Quixey, a 5.5-year-old, Mountain View, Ca.-based mobile search startup, has raised $60 million in new funding led earlier backer Alibaba Group, with participation from Goldman Sachs, GGV Capital, and SoftBank Capital. The company has now raised $134.9 million altogether, shows Crunchbase.
Navitas Capital, a five-year-old, L.A-based venture firm investing in energy and other technologies used by so-called intelligent buildings, is targeting $4 million for its second seed-stage fund, shows an SEC filing. The firm had earlier raised a $1.5 million seed fund. Among its investments is Building Robotics, a software company that enables office workers to control the temperature at their office work stations, and Gridium, a smart meter data analytics company.
Good Technology, a 19-year-old, Sunnyvale, Ca.-based mobile device management company, reported in an updated IPO filing on Thursday that it continues to narrow its losses while growing its revenue. (Some recent layoffs have presumably helped.) Good, which has raised funding from pretty much every firm in Silicon Valley over the years, filed to go public in May of last year. Silicon Valley Business Journal has more here.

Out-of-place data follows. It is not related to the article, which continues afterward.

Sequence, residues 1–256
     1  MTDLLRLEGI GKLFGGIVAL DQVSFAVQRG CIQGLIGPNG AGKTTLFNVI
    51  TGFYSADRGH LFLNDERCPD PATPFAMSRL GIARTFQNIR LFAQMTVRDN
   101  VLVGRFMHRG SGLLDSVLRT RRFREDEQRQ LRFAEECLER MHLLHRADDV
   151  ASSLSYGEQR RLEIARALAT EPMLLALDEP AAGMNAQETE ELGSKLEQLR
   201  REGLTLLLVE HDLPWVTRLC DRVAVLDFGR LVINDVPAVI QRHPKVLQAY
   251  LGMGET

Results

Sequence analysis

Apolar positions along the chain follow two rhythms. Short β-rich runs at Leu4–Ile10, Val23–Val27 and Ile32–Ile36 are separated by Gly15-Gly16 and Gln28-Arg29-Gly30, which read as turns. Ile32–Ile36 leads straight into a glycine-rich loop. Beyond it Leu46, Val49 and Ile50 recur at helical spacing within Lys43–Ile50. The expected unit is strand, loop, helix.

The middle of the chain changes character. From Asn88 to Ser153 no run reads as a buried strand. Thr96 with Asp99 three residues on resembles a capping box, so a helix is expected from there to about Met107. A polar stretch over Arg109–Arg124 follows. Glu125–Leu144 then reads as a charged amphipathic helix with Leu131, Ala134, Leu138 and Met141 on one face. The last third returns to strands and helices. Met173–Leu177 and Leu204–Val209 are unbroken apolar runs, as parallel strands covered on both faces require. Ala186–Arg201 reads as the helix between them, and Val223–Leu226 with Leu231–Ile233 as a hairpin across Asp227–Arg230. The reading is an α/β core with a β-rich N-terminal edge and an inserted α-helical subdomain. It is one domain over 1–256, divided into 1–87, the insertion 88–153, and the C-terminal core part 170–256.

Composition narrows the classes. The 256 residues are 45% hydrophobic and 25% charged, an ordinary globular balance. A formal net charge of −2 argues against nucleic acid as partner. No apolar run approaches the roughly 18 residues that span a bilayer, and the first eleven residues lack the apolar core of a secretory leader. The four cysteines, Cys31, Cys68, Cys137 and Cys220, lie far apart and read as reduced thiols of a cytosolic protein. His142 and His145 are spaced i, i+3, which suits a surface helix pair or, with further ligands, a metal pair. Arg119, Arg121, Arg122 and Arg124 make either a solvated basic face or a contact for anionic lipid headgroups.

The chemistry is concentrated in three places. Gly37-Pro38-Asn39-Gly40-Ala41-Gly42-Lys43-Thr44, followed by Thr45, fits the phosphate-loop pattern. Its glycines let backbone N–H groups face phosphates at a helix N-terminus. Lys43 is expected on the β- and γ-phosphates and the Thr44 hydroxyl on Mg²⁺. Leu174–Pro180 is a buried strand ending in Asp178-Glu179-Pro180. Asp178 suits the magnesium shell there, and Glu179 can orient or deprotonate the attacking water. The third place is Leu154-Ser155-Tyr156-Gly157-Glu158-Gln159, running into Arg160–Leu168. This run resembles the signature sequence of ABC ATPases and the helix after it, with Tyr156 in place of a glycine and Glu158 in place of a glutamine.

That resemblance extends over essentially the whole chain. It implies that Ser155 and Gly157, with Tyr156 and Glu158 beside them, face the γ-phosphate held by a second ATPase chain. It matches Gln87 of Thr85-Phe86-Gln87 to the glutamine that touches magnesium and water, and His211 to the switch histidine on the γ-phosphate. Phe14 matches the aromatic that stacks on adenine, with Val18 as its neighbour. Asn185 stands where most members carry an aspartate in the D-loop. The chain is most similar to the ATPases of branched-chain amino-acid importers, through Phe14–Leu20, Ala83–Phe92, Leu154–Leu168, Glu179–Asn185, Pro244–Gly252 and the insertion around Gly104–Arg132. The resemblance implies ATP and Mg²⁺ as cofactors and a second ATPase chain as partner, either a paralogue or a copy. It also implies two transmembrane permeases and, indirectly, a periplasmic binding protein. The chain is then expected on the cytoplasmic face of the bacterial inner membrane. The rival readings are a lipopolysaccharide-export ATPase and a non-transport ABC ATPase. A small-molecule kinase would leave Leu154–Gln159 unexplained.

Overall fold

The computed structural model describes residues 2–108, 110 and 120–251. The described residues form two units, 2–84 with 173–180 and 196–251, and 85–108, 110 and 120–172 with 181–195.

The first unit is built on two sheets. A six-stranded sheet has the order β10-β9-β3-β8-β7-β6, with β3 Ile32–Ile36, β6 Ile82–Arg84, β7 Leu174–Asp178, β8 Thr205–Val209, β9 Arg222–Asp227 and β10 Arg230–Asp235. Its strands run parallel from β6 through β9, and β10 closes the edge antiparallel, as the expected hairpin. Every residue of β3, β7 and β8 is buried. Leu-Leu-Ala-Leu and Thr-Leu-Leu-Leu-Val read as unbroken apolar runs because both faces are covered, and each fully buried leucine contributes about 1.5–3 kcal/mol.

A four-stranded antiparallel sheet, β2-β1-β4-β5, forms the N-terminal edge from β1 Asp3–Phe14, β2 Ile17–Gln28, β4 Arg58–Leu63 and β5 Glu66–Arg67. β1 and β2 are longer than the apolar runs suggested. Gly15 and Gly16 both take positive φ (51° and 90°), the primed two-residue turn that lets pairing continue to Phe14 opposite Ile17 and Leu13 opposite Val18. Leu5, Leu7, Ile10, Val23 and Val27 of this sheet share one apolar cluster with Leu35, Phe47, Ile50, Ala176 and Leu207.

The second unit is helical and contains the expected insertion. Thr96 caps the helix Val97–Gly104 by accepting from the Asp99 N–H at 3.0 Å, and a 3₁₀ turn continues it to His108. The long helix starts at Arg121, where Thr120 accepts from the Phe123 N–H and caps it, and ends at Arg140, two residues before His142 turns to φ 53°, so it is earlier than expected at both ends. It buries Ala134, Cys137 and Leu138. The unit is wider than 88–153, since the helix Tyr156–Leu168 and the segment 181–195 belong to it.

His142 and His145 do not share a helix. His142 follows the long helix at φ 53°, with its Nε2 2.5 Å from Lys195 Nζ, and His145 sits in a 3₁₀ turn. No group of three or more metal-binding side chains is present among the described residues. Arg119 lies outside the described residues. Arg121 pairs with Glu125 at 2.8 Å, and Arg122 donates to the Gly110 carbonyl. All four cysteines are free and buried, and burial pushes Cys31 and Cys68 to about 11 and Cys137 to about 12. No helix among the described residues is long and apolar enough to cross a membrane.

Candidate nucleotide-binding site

Social Finance, the four-year-old, San Francisco-based online-lending platform known as SoFi, is planning an IPO that would value the company at a whopping $3.5 billion, sources tell Bloomberg. The company may raise $500 million this year, Bloomberg adds. SoFi has already raised $766 million from investors, including a $200 million round that closed in January. More here.
Appfluent Technology, a 10-year-old, Rockville, Md.-based company that makes data analytics software, has been acquired by Attunity, a publicly traded company. Appfluent had raised at least $4.1 million, from Updata Partners and The New Markets Growth Fund.